Most unnerving aspect to this screen villain is that his motives are beyond reasoning... rooted in principal and philosophy. Like the Terminator he can not be reasoned nor bargained with. He feels no pity or remorse and absolutely will not stop until he gets his man... or woman. Hard to stop a force like that right? Unless it is not human. Rather a personification of fear or crime, as I'd like to believe. Some argue, he represents time or death... but the clue to figuring out what he is comes in the scene where...
the protagonist of the movie, Llewelyn Moss was gunned down at the motel. The sheriff, Ed Tom Bell arrives a minute too late as the band of Mexican gangsters (the cartel) escape in a pickup leaving one behind injured in the motel parking lot. You know it's the cartel because an uzi is left behind nearby the executed protagonist.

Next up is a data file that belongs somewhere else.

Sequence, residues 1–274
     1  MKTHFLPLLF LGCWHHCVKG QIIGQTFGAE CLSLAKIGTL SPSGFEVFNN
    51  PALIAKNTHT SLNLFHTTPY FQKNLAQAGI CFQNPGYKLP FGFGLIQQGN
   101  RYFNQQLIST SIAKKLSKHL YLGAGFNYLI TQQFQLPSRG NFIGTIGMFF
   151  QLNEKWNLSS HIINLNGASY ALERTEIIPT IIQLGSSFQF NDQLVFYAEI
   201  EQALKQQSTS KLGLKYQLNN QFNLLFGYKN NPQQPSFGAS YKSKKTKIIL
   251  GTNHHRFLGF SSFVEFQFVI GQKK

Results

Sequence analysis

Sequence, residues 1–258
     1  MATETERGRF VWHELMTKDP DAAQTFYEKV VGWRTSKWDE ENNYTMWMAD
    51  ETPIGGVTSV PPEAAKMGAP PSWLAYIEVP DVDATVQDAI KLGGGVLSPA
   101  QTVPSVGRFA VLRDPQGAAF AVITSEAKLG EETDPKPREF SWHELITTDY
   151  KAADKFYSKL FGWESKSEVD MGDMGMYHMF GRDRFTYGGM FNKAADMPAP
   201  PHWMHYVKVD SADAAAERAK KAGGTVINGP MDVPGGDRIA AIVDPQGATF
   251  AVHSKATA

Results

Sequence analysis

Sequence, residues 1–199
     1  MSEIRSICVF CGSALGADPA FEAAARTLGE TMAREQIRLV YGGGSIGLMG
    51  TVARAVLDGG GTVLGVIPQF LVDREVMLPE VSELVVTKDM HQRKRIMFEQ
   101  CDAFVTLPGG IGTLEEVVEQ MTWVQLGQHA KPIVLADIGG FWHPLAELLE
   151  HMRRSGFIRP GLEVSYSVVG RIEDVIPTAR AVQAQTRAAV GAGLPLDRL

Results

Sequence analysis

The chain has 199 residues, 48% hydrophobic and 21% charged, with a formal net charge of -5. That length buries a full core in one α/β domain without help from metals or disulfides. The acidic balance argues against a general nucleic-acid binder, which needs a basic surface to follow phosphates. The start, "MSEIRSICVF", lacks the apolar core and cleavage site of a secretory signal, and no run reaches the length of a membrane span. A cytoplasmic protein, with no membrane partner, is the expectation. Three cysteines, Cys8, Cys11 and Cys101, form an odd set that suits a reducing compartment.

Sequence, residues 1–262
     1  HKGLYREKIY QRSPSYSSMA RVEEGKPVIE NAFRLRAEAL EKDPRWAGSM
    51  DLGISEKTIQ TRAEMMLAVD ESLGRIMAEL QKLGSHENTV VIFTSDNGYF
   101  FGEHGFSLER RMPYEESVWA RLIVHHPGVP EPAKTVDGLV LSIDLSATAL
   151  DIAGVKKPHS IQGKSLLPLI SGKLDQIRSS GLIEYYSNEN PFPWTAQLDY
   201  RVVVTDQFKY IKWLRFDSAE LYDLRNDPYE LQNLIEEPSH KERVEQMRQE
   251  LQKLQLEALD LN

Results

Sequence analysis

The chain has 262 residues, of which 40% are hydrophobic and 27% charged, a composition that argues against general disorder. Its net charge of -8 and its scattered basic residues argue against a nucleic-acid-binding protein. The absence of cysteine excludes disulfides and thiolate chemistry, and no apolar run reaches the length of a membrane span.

How does that equate to the cartel being Anton Chigurh? The answer comes several scenes later when the sheriff returns to the crime scene and musters the energy to go into the motel unit expecting Anton to be waiting for him inside. The directors make sure to include a shot of Anton behind the door as the sheriff's hand creeps to the doorknob. When the door swings in, no one is there. Was he a ghost? No. It was only the sheriff's fear... the fear of the lunatic, mythical hitman, Anton Chigurh. And just like the cartel, no one knows who they are, yet they are feared like the bogeyman. They can be anywhere at anytime to snuff you out. Once you fall prey to this mysticism, then you've lost your edge--and to an aging local sheriff, there's no country for old men.
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